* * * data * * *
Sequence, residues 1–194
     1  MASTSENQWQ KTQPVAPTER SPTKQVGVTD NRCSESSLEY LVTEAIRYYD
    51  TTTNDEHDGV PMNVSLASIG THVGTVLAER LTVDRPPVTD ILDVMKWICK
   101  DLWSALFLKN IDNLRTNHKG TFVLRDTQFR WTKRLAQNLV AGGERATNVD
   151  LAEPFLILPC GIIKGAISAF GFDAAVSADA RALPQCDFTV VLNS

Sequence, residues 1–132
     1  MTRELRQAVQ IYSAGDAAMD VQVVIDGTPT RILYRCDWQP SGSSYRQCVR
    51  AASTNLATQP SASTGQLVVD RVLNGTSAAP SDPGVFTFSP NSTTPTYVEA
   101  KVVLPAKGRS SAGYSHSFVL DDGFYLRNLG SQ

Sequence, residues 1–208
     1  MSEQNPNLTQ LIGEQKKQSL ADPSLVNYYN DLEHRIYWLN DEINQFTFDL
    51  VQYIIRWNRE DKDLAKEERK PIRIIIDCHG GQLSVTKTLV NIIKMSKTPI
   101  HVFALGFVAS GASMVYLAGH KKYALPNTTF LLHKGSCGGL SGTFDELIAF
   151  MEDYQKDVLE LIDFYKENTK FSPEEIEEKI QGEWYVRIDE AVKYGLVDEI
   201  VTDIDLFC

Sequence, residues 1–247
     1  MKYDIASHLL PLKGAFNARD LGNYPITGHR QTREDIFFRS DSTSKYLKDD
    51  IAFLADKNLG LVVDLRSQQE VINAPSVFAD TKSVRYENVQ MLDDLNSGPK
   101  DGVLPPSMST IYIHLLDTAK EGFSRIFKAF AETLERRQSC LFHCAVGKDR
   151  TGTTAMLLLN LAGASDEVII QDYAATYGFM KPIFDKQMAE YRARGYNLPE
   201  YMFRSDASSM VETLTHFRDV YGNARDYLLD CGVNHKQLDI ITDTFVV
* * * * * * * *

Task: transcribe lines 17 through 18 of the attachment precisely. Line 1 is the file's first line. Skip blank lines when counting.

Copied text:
     1  MKYDIASHLL PLKGAFNARD LGNYPITGHR QTREDIFFRS DSTSKYLKDD
    51  IAFLADKNLG LVVDLRSQQE VINAPSVFAD TKSVRYENVQ MLDDLNSGPK